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Using "Roguelike"-style visibility in online D&D

hunterloftis

Villager
Before Covid I was working on a Roguelike game. If you haven't heard of them, they're like a D&D-adjacent form of turn-based, permadeath videogame with a grid system in (usually) fantasy settings.

After Covid, I pivoted to turning that Roguelike engine into an online D&D website (tableofsending.com). My local group just finished our first campaign with it, and the most-commented-on feature by far was something I ripped straight from Roguelikes 101: field-of-vision (although my group kept calling it fog-of-war, so I'm going with that).

It turns out that having a computer automatically calculate what would be visible / behind cover enables the DM to create battle maps that would otherwise just be a pain in the ass to manage: columns, boulders, debris, etc.

The attached video shows what I mean.
 

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Ryujin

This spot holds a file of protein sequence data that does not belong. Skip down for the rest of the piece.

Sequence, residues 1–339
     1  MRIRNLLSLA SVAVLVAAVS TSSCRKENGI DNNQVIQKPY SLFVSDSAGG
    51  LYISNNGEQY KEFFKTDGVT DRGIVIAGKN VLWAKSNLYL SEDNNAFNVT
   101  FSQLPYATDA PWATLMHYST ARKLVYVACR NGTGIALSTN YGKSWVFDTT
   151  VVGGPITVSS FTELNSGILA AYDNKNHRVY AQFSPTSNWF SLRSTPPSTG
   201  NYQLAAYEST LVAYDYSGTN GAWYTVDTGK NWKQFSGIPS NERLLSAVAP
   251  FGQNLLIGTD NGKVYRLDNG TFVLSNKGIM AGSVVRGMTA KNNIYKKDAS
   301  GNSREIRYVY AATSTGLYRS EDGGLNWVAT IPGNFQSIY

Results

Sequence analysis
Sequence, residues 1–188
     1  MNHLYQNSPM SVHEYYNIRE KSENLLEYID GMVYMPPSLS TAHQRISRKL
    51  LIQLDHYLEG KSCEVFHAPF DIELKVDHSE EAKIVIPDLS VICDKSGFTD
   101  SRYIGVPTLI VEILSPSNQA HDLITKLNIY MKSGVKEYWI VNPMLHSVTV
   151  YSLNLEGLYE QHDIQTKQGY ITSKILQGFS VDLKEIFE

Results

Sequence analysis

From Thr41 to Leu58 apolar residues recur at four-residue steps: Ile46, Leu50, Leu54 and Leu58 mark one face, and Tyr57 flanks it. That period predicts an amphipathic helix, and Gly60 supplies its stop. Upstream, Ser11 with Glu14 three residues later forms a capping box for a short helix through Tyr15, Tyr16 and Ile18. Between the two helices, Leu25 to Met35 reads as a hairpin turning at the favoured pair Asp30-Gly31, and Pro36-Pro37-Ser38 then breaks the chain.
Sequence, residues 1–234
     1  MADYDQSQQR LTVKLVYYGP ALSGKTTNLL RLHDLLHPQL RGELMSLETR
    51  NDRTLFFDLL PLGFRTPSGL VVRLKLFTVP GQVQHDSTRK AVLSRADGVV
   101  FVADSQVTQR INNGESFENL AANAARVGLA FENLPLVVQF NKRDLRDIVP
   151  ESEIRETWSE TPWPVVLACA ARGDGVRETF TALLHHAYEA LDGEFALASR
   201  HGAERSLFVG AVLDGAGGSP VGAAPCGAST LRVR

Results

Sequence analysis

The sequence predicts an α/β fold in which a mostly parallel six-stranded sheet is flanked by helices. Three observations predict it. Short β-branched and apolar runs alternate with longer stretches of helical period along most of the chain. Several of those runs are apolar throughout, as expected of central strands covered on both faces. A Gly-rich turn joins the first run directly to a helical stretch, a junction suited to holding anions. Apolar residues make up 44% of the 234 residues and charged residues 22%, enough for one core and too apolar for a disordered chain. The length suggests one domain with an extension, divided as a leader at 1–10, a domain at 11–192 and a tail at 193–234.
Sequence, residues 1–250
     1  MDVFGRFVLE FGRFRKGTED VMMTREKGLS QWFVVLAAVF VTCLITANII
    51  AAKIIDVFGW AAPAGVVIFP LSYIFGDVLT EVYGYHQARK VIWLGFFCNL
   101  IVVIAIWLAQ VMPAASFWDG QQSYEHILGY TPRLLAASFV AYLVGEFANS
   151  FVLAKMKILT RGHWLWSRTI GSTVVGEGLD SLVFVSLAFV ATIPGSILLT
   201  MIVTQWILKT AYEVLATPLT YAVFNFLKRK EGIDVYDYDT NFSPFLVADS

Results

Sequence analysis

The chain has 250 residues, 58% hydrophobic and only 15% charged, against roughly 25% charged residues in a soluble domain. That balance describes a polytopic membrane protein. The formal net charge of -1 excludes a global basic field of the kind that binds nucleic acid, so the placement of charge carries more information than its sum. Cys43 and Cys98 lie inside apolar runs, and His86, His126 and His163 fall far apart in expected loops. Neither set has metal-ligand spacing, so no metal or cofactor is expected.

Adventurer
"Fog of War" is how it's named in virtual tabletops like OpenRPG and Fantasy Grounds. An area isn't revealed until you have first obtained line-of-sight to it and if you later lose line-of-sight, you only know what you last saw about it. Makes things a little more interesting ;)
 

Lanefan

Victoria Rules
Also needs to be, if not already, variable range to account for different light sources and amounts.

Big difference between daylight, where you can more or less see whatever's not blocked by cover, and darkness where you've got a torch that only usefully illuminates for 20' or so.
 

Roll 20 uses Fog of War as well, although it is not dynamic. The DM basically reveals areas manually, and once revealed they remain so unless covered up again. I think there are benefits to both, but I really like your dynamic fog of war. It saves the DM a lot of work.

The next step would be to also add light sources. It would be handy to be able to tell which foes were in total darkness or shadowy illumination.
 

Ryujin

Adventurer
Roll 20 uses Fog of War as well, although it is not dynamic. The DM basically reveals areas manually, and once revealed they remain so unless covered up again. I think there are benefits to both, but I really like your dynamic fog of war. It saves the DM a lot of work.

The next step would be to also add light sources. It would be handy to be able to tell which foes were in total darkness or shadowy illumination.

Back when I was using OpenRPG it had both dynamic Fog of War, and light sources/night vision. Not bad for a completely free product. I haven't had a chance to check if Fantasy Grounds or the new Fantasy Grounds Unity have those features.
 


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